Because interpreters read the code as it is written and execute the code on the spot, interpreters are easy for the programmer to work with. Today, most interpreted programs are referred to as scripts, and the interpreter itself is often called a Script Engine.

Some languages, such as Visual Basic, call the interpreter the runtime library. .lava calls its runtime interpreter a Virtual Machine (VM), but in this case the VM is provided by the browser (such as Internet Explorer or Netscape).

Compilers introduce the extra steps of compiling the source code (which is readable by humans) into object code (which is readable by machines). This extra step is inconvenient, but compiled programs run very fast because the time-consuming task of translating the source code into machine language is done once (at compile time) and is not required when you execute the program. Another advantage of many compiled languages such as C++ is that you can distribute the executable program to people who don't have the compiler. With an interpreted ]an

For many years, the principal goal of computer programmers was to write short pieces of code that would execute quickly. The program needed to be small because memory was expensive, and it needed to be fast because processing power was also expensive. As computers have become smaller, cheaper, and faster, and as the cost of memory has fallen, these priorities have changed. Today the cost of a programmers time far outweighs the cost of most of the computers in use by businesses. Well-written, easy-to-maintain code is at a premium. Easy to maintain means that as business requirements change, the program can be extended and enhanced without great expense...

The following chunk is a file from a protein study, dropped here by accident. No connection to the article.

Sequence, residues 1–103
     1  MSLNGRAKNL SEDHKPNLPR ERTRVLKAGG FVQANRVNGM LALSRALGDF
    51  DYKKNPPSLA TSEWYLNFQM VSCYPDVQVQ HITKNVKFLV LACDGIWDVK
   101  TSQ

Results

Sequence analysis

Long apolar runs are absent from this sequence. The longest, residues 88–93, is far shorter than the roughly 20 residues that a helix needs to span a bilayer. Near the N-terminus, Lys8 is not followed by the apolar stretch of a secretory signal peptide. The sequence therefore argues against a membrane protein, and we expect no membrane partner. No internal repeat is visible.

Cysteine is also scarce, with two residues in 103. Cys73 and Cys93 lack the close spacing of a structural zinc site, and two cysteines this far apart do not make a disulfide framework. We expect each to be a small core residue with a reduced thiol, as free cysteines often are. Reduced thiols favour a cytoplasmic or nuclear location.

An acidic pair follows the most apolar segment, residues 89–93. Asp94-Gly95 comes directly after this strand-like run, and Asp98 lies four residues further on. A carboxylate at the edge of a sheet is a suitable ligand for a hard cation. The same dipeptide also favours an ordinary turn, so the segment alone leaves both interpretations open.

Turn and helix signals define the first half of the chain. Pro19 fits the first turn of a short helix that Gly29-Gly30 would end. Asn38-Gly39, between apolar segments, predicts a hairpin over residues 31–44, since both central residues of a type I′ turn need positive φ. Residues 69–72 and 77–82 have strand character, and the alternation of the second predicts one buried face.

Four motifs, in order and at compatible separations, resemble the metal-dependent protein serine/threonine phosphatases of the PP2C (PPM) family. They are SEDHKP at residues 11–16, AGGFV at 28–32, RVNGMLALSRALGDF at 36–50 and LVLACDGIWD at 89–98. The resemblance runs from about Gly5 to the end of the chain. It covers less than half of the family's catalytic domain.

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Table of Contents

Introduction 1
Week 1 At a Glance 3
Day 1 Getting Started 5
Day 2 The Anatomy of a C++ Program 23
Day 3 Variables and Constants 39
Day 4 Expressions and Statements 63
Day 5 Functions 93
Day 6 Object-Oriented Programming 131
Day 7 More Program Flow 167
Week 1 In Review 199
Week 2 At a Glance 207
Day 8 Pointers 209
Day 9 References 243
Day 10 Advanced Functions 277
Day 11 Object-Oriented Analysis and Design 317
Day 12 Inheritance 357
Day 13 Arrays and Linked Lists 391
Day 14 Polymorphism 435
Week 2 In Review 475
Week 3 At a Glance 487
Day 15 Special Classes and Functions 489
Day 16 Advanced Inheritance 519
Day 17 Streams 575
Day 18 Namespaces 617
Day 19 Templates 635
Day 20 Exceptions and Error Handling 685
Day 21 What's Next 717
Week 3 In Review 759
App. A Binary and Hexadecimal 773
App. B C++ Keywords 783
App. C Operator Precedence 785
App. D: Answers 787
Index 853
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Sort by: Showing all of 4 Customer Reviews
  • Anonymous

    Posted January 25, 2001

    Bad Book!!

    I don't recommend this book unless u have previous programming knowledge.

    Was this review helpful? Yes  No   Report this review
  • Anonymous

    Posted April 23, 2000

    Started to read Sams Teach Yourself C in 21 days, and guess what happened

    I started to read two chapters of the Sams Teach Yourself C in 21 days. It was very fun. But I wanted to learn something new. So I decided to get the Sams Teach Yourself C++ in 21 days the complete compiler edition. The book is very helpful, and very good to understand. This is a good book to get.

    Was this review helpful? Yes  No   Report this review
  • Anonymous

    Posted April 2, 2000

    Excellent book

    This book was very helpful. Although they could have put the comments at the end of every line instead of in between the line. It took a while to understand what they were doing in the code.

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  • Anonymous

    Posted January 16, 2000

    Quick, Informative, and Straight to the Point

    I purchased this book in the spring of 99' and within 15 minutes I was writing, compiling, and running my own programs. It teaches you everything that you want to know in a compressed time period, so within days you will feel more and more comfortable with C++ as you move along. If your new to C++ this book is a good start.

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Sort by: Showing all of 4 Customer Reviews